Republican gubernatorial candidate Eric Greitens during the first general election debate in the race for Missouri governor at the Missouri Press Association convention Friday, Sept. 30, 2016, in Branson, Mo.
AP Photo/Jeff Roberson
On Tuesday night, former Navy SEAL Eric Greitens won the nomination for governor of Missouri over the state’s attorney general, Chris Koster. Greitens, a Republican, will replace Democratic Gov. Jay Nixon, becoming Missouri’s 56th governor in January 2017.
Before entering politics, Greitens had a storied career as a Navy SEAL. He received a commission in the Navy in 2001, and then received orders to Basic Underwater Demolition/SEAL School. Greitens was there on Sept. 11, 2001, and his class would be one of the first to go through every phase of training with the understanding that they would soon be taking part in the Global War on Terror.
As a Navy SEAL, Greitens deployed to Afghanistan, the Horn of Africa, and Southeast Asia. In 2007, he deployed to Iraq where he served as the commander of an Al-Qaeda targeting cell. He currently serves in the Navy Reserves as a lieutenant commander.
The weight of multiple deployments took its toll on Greitens. In 2015, he published “Resilience,” his fourth book, a compilation of letters between him and his Navy SEAL buddy struggling with alcoholism, job loss, and PTSD. In the book, Greitens explains his own struggle with severe mental-health issues in 2002 and how he eventually overcame them:
But for all of that, I don’t know that I’ve ever been knocked down as hard as the day I walked into that empty apartment and collapsed on the floor. I wouldn’t wish that on anyone. But in retrospect, I can see some good in it. It’s made me stronger and better in a dozen ways.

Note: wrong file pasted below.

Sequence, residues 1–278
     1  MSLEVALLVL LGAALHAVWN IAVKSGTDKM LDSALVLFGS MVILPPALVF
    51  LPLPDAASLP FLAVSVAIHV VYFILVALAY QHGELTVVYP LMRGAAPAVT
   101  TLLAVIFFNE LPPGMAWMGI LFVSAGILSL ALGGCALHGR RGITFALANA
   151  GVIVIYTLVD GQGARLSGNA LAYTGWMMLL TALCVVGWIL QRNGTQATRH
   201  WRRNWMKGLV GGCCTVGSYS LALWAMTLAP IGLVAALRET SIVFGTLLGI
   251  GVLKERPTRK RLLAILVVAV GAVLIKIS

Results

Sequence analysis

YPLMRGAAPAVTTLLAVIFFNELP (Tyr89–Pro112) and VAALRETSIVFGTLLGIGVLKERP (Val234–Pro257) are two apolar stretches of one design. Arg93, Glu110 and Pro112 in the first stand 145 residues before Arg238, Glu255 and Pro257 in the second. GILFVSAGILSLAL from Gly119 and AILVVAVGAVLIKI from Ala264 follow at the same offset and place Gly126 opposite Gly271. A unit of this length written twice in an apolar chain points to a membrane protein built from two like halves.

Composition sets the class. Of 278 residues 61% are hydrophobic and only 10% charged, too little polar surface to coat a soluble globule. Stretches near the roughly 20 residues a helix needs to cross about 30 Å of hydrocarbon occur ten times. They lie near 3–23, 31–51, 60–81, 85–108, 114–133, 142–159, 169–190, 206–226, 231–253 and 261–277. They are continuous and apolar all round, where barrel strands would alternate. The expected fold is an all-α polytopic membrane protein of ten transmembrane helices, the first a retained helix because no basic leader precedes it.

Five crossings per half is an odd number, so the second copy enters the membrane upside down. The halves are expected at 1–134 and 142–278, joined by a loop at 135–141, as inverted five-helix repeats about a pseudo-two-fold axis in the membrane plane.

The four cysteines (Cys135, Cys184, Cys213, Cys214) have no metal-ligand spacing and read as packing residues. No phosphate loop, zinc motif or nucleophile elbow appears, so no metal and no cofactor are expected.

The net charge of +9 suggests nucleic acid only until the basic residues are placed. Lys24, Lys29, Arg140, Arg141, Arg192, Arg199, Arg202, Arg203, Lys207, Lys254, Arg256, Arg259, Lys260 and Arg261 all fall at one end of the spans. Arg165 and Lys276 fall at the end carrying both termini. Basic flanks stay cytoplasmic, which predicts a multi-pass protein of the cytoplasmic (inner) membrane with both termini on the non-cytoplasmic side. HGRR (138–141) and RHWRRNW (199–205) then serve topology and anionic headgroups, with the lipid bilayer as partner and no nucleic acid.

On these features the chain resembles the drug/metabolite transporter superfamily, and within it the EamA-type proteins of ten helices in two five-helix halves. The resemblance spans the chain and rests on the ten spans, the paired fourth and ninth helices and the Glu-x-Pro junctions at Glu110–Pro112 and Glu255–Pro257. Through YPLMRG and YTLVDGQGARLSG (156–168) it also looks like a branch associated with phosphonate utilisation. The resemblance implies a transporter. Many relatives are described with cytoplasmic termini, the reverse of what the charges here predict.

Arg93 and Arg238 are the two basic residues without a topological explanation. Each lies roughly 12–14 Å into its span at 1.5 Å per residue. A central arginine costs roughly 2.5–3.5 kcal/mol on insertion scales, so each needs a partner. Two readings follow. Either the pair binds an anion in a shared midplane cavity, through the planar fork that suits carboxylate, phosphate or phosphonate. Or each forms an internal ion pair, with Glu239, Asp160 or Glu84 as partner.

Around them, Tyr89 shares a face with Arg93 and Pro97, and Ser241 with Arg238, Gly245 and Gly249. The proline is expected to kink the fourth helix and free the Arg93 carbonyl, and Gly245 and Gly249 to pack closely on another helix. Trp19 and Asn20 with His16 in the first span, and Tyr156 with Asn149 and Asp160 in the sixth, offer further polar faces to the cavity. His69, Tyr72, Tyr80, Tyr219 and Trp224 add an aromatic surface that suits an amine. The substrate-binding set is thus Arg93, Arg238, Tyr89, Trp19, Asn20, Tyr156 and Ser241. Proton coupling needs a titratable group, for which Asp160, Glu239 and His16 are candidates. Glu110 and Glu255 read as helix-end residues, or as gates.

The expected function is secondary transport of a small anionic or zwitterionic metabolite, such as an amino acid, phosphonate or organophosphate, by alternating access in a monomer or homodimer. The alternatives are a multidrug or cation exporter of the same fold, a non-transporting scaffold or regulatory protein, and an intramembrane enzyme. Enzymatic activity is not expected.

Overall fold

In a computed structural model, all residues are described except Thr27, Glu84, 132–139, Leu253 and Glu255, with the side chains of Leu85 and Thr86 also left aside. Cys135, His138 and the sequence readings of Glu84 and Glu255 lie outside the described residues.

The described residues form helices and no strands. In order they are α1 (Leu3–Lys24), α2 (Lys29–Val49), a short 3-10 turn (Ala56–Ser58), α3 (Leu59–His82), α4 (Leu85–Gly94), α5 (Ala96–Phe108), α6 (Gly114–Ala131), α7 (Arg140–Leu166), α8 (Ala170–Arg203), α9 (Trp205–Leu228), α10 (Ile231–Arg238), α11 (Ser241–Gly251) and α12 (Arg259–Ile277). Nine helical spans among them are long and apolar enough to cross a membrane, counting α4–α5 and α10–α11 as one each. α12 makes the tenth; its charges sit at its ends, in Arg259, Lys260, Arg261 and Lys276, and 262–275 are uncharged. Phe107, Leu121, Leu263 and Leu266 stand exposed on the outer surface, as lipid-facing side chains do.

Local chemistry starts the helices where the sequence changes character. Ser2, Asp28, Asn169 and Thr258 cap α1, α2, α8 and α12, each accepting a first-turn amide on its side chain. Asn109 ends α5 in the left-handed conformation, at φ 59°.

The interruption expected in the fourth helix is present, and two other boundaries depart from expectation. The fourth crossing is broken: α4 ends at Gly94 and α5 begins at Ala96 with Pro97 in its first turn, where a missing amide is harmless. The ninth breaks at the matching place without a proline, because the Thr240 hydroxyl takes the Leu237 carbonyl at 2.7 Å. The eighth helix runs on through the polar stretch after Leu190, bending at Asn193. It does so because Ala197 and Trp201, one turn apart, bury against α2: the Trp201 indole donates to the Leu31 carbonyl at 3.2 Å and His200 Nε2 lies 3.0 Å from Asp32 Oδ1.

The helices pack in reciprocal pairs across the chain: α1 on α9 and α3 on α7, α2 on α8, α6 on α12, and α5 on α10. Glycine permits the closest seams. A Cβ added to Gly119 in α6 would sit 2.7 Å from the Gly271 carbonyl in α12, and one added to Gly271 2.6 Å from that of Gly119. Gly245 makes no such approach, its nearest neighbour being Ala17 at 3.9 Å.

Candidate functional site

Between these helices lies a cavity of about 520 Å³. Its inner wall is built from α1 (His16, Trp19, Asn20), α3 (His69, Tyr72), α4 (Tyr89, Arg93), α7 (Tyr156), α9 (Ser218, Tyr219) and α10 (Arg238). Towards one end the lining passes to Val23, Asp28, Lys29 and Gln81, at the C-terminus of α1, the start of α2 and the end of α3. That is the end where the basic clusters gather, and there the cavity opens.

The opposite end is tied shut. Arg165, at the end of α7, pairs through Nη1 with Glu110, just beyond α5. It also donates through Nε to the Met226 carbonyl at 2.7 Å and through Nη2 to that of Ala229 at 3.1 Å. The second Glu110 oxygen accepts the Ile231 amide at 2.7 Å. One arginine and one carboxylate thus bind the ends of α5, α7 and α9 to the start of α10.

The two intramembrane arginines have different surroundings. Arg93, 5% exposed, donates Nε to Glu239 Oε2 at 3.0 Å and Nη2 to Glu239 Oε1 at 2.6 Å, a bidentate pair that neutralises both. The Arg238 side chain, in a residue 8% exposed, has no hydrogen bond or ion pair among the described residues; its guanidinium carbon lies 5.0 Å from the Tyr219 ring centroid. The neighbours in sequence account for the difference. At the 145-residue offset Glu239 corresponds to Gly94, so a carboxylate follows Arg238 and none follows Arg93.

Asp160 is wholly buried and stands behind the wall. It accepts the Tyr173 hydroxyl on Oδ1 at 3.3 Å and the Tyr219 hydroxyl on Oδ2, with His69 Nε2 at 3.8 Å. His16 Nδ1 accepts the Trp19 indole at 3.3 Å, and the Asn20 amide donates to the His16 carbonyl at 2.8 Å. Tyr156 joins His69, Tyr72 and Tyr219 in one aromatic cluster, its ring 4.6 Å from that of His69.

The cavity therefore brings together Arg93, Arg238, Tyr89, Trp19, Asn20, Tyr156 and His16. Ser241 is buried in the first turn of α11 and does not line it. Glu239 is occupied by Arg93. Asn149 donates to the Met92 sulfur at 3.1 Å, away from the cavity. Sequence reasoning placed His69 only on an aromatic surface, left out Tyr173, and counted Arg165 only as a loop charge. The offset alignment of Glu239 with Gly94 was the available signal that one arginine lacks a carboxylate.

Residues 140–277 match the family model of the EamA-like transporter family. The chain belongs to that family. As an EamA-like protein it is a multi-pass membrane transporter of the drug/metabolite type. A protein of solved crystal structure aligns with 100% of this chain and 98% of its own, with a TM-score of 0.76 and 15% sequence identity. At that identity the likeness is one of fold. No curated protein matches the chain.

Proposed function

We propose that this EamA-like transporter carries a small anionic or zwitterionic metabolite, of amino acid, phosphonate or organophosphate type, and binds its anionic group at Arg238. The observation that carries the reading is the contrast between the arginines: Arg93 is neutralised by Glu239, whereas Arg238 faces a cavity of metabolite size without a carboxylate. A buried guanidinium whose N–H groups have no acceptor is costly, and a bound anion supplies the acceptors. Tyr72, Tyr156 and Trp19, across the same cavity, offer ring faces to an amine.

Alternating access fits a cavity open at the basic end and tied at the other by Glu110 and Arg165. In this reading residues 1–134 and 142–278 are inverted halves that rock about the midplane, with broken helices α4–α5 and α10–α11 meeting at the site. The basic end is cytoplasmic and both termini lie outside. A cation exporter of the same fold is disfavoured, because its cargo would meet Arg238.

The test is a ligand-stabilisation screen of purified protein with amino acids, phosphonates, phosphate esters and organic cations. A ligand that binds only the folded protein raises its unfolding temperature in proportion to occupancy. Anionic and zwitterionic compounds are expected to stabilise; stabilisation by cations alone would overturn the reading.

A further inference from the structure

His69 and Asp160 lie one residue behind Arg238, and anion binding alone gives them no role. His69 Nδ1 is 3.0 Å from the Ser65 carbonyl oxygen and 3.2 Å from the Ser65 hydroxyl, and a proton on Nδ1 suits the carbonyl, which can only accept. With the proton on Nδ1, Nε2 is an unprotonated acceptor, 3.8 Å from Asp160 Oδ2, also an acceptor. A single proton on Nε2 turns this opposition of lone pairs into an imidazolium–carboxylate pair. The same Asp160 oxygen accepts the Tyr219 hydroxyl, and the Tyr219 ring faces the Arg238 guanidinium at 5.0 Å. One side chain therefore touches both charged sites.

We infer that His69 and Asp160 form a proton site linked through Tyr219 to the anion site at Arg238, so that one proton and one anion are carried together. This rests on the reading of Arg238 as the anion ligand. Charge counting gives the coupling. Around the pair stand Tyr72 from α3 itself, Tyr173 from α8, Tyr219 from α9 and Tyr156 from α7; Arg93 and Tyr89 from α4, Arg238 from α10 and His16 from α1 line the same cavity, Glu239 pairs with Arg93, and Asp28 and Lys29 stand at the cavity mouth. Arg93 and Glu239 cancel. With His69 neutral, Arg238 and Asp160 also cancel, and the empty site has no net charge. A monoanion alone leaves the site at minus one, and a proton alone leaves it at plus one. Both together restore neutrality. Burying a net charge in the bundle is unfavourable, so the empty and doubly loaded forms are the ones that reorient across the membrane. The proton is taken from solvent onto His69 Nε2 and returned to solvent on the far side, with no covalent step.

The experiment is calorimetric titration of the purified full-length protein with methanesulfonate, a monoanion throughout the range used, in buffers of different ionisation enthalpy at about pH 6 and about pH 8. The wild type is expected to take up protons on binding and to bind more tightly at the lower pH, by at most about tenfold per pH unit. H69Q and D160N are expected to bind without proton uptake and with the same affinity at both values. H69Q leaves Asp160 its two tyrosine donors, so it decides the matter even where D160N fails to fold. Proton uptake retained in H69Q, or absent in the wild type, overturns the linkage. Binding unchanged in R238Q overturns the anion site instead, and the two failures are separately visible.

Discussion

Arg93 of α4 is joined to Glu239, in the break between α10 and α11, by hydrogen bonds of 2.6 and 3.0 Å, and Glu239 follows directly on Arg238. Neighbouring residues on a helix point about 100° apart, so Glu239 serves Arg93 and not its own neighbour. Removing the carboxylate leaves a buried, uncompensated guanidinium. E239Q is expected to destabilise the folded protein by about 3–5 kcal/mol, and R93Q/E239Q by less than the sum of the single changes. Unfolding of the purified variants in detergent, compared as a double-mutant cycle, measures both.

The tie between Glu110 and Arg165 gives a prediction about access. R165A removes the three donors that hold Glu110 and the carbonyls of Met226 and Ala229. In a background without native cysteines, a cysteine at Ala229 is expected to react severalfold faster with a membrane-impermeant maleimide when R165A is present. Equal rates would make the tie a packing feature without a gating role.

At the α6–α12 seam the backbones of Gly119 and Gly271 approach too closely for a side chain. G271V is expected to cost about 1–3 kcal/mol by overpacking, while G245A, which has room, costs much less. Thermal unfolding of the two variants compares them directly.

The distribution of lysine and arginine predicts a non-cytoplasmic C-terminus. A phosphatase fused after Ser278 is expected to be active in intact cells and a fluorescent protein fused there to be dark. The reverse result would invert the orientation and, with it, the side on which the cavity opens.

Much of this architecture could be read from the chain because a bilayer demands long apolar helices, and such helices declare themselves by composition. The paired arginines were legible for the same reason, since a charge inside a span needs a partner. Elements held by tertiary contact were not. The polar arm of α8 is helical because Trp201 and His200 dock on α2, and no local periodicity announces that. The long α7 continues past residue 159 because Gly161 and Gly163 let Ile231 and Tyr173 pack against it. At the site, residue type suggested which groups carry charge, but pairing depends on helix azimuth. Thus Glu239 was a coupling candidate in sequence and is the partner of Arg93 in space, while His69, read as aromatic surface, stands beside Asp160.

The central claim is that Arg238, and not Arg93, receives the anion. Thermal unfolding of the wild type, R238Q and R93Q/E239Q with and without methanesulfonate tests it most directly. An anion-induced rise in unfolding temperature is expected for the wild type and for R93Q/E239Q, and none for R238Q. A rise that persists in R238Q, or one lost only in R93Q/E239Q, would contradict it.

I’ve been fortunate in other ways as well. I’ve been able to learn from great examples of resilience: refugees who survived genocide, other Navy SEALs who endured the hardest military training in the world, wounded veterans who have rebuilt purposeful lives in the face of devastating wounds. The things I talk about in these letters are strategies I’ve used in my own life, strategies I’ve seen others use, and I know how much they can help.
We all need resilience to live a fulfilling life. With resilience, you’ll be more prepared to take on challenges, to develop your talents, skills, and abilities so that you can live with more purpose and more joy.
I hope something here can help you to become stronger. I look forward to walking with you on this path.
Greitens went on to found The Mission Continues in 2007, a nonprofit that seeks to help veterans transition from wartime service by serving in and leading their communities. His own personal resilience is what empowered him to get involved in politics as an outsider and go on to win the governorship.
The new trailer for
Top Gun: Maverick that dropped last week was indisputably the white-knuckle thrill ride of the summer, a blur of aerial acrobatics and beach volleyball that made us wonder how we ever lost that lovin' feeling in the decades since we first met Pete "Maverick" Mitchell back in 1986.
But it also made us wonder something else: Why is Maverick still flying combat missions in an F/A-18 Super Hornet as a 57-year-old captain after more than 30 years of service?
Editor's Note: The following story was authored by Robert Half and highlights a veteran atRobert Half. Committed to including talented members of the military community in its workplace, Robert Half is a client of Hirepurpose, a Task & Purpose sister company. Learn more here.
When Jason Markowitz was in college majoring in electrical and computer engineering, he found it difficult to maintain his grades while simultaneously working two jobs. On a buddy's recommendation, in 2006, he left college and enlisted in the Army National Guard.
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